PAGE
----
The bill by Assemblyman Richard Brodsky, a Westchester Democrat, follows last month's 5-4 decision by the U.S. Supreme Court saying cities may bulldoze people's homes to make way for shopping malls or other private development. The ruling gave local governments broad power to seize private property to generate tax revenue.
Brodsky, who has led investigations of industrial development agencies and local development corporations, said while economic growth is a legitimate goal, in many cases local authorities have done more for private companies than public good when seizing property for business development projects.
"You can call this a homeowner protection act," Brodsky said. "In many cases, eminent domain is a necessary part of progress, but when you're taking someone's private property and transferring it to another private owner, we need to be extremely careful and protective."
Under the bill the time property owners have to appeal condemnation decisions would be increased to 90 days from 30 days. Displaced residents would be paid at least 150 percent of the market value of their homes, Brodsky said.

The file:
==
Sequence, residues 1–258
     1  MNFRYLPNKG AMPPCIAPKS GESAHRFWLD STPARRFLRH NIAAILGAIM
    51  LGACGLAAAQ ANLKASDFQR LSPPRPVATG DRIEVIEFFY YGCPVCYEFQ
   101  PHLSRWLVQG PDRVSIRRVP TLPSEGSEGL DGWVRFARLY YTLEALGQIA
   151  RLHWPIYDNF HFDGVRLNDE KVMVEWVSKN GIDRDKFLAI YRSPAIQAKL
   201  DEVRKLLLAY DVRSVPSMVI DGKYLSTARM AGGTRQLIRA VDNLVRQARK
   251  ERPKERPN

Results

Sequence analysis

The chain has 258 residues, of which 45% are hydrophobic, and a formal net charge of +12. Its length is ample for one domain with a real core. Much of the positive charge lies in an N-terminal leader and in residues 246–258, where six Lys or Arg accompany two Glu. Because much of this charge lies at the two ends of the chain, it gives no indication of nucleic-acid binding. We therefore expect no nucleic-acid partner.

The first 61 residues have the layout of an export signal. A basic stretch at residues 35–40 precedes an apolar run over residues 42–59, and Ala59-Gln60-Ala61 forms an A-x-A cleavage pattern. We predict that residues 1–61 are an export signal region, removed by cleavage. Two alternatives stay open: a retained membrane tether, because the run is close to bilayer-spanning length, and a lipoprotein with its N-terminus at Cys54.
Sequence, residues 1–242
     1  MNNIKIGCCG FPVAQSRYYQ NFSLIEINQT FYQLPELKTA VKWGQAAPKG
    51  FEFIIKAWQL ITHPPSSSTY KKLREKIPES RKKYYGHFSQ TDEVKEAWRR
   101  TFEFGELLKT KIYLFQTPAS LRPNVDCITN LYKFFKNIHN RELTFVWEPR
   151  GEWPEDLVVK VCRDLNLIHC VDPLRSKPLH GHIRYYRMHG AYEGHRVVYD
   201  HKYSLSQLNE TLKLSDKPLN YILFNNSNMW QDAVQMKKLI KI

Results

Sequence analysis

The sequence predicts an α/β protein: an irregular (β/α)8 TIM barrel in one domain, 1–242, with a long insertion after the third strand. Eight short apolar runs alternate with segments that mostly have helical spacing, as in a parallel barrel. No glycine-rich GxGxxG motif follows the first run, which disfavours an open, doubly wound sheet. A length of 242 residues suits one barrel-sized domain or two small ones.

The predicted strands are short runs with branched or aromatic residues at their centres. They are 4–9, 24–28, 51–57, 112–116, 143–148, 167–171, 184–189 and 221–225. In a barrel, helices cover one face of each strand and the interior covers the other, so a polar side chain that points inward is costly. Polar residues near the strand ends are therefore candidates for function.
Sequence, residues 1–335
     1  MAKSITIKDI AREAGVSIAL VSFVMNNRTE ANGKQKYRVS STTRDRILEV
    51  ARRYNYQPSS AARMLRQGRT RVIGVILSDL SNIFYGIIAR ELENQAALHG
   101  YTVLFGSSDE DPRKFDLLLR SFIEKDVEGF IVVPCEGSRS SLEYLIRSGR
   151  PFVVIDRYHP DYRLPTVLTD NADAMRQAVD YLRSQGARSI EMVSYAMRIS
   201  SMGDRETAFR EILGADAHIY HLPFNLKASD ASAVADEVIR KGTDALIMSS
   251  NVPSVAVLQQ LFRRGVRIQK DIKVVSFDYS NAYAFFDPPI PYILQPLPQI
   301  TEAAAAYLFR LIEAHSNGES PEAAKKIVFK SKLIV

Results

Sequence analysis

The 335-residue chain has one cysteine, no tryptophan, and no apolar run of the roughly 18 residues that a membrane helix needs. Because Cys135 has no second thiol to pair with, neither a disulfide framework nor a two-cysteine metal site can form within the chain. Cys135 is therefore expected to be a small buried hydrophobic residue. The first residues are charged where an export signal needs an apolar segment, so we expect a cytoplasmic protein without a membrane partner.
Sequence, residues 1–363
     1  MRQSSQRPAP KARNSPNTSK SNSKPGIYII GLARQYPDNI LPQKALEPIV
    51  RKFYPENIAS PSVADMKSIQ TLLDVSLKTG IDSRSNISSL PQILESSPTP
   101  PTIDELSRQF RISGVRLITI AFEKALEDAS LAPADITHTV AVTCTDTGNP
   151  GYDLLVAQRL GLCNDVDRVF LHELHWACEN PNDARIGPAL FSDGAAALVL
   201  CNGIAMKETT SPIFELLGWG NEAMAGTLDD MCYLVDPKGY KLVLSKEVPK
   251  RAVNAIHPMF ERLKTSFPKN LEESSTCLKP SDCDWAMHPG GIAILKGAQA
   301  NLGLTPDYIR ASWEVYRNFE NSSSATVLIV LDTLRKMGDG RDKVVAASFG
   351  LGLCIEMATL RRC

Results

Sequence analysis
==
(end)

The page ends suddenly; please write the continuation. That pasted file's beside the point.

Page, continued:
The measure also would require eminent domain be used for economic development purposes only to forward a comprehensive plan developed in public meetings and approved by local legislators.
In the June court decision, Justice John Paul Stevens, writing for the majority, said the New London, Conn. could pursue private development under the Fifth Amendment, which allows governments to take private property if the land is for public use, since the project the city has in mind promises to bring more jobs and revenue.
Justice Sandra Day O'Connor said the decision bowed to the rich and powerful at the expense of middle-class Americans.
The issue has been a hot topic around the country.
In Texas, lawmakers have proposed a constitutional amendment that would bar state or local governments from seizing private property mainly for economic development. Lawmakers in many states are now proposing new laws to shield property owners.
In Washington, legislation in the works would ban the use of federal funds for any project getting the go-ahead using the Kelo v. City of New London decision.
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